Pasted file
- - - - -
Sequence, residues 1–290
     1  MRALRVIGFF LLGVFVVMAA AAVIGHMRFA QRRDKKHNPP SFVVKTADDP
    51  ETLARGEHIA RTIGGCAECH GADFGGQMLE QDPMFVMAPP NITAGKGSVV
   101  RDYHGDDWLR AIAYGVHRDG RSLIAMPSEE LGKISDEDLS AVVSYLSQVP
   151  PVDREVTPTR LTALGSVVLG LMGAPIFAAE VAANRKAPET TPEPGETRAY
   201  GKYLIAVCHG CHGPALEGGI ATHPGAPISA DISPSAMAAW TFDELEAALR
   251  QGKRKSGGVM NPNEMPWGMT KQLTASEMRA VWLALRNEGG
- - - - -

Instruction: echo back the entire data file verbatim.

Sequence, residues 1–290
     1  MRALRVIGFF LLGVFVVMAA AAVIGHMRFA QRRDKKHNPP SFVVKTADDP
    51  ETLARGEHIA RTIGGCAECH GADFGGQMLE QDPMFVMAPP NITAGKGSVV
   101  RDYHGDDWLR AIAYGVHRDG RSLIAMPSEE LGKISDEDLS AVVSYLSQVP
   151  PVDREVTPTR LTALGSVVLG LMGAPIFAAE VAANRKAPET TPEPGETRAY
   201  GKYLIAVCHG CHGPALEGGI ATHPGAPISA DISPSAMAAW TFDELEAALR
   251  QGKRKSGGVM NPNEMPWGMT KQLTASEMRA VWLALRNEGG